Albert Abraham Michelson - Speed of Light - Interferometry

Interferometry

In 1887 he collaborated with colleague Edward Williams Morley of Western Reserve College, now part of Case Western Reserve University, in the Michelson-Morley experiment. Their experiment for the expected motion of the Earth relative to the aether, the hypothetical medium in which light was supposed to travel, resulted in a null result. Surprised, Michelson repeated the experiment with greater and greater precision over the next years, but continued to find no ability to measure the aether. The Michelson-Morley results were immensely influential in the physics community, leading Hendrik Lorentz to devise his now-famous Lorentz contraction equations as a means of explaining the null result.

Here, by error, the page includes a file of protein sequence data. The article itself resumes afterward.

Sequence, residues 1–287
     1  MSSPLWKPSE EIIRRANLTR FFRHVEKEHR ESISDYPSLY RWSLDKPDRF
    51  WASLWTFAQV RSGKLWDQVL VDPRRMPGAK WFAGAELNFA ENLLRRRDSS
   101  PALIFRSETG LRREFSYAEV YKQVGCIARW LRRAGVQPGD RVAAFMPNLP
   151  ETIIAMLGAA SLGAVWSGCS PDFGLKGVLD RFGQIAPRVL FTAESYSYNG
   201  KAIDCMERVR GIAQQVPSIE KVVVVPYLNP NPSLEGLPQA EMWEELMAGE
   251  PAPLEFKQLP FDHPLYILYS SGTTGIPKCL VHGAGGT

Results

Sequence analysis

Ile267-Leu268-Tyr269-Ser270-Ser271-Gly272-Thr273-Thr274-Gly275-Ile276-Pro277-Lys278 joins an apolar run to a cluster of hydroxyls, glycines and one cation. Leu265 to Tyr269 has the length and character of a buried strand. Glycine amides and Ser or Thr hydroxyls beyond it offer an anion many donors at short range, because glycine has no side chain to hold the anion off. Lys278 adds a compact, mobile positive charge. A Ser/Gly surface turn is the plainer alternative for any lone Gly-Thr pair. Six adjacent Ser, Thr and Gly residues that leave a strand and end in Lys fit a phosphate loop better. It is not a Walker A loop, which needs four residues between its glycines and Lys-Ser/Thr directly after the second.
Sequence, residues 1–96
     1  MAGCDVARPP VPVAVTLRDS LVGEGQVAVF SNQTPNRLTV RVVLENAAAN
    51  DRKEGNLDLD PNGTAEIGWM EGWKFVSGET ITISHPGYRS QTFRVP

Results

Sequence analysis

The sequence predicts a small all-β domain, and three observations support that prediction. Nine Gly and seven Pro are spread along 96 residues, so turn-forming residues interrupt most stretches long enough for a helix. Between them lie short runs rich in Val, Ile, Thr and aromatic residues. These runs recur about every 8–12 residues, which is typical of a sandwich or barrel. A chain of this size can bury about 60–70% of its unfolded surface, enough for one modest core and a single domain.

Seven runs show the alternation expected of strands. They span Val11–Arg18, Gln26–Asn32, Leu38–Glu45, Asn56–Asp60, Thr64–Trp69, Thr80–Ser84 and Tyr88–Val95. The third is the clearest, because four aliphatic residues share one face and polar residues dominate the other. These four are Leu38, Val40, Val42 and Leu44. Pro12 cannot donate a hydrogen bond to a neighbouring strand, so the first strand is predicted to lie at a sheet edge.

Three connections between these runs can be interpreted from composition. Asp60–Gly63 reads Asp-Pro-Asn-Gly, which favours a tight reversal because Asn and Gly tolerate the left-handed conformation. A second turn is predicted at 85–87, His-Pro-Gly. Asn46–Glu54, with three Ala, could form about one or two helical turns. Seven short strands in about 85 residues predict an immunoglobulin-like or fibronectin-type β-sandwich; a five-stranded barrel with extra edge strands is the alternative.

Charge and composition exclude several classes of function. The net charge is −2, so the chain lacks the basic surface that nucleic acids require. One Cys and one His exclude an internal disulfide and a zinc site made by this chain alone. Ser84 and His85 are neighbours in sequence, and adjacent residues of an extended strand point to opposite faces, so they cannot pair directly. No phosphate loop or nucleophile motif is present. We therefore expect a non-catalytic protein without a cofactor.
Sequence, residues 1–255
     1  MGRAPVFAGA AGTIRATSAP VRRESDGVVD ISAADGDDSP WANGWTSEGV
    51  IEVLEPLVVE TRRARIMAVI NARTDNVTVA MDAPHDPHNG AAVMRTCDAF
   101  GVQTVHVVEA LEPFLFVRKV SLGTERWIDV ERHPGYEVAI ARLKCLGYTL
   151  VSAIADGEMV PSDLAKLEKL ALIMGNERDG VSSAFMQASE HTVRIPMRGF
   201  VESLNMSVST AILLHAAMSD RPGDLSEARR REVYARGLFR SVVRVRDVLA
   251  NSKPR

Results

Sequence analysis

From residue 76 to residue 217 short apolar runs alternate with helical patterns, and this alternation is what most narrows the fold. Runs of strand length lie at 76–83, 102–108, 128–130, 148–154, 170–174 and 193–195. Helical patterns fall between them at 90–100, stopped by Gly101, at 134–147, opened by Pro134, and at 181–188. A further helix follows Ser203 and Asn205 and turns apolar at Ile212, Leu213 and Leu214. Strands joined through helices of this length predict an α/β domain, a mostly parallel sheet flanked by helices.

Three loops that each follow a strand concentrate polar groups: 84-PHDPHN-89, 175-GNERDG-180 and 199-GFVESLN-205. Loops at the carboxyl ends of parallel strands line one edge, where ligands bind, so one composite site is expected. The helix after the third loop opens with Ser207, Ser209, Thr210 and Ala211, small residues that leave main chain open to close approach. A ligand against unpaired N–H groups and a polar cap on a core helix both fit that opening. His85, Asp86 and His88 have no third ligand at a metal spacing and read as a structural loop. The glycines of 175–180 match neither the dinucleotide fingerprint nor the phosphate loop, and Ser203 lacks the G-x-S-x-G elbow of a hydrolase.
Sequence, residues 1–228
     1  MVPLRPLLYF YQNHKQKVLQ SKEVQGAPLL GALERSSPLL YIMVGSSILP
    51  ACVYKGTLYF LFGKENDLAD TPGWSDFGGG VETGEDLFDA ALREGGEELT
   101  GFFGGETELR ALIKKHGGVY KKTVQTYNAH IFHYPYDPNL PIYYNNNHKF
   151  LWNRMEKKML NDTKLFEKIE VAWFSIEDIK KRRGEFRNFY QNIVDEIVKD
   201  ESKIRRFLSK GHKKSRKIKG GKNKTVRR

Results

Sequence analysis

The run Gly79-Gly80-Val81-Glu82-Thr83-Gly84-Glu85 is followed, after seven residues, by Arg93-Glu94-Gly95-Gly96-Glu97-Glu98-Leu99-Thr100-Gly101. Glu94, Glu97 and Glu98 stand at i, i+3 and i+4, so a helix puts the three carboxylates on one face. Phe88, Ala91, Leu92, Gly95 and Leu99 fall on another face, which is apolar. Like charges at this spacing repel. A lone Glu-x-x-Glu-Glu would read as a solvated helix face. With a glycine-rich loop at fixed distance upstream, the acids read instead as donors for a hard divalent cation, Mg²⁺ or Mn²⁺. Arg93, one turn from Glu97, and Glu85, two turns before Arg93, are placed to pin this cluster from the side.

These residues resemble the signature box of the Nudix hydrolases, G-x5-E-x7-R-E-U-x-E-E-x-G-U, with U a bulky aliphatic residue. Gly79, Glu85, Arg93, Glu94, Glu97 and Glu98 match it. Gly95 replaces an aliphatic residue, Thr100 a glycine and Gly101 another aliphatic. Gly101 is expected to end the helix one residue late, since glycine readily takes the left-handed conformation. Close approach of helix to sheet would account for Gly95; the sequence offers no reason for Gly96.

There has been some historical controversy over whether Albert Einstein was aware of the Michelson-Morley results when he developed his theory of special relativity, which pronounced the aether to be "superfluous". Regardless of Einstein's specific knowledge, the experiment is today considered the canonical experiment in regards to showing the lack of a detectable aether.

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Other articles related to "interferometry":

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Electronic Speckle Pattern Interferometry
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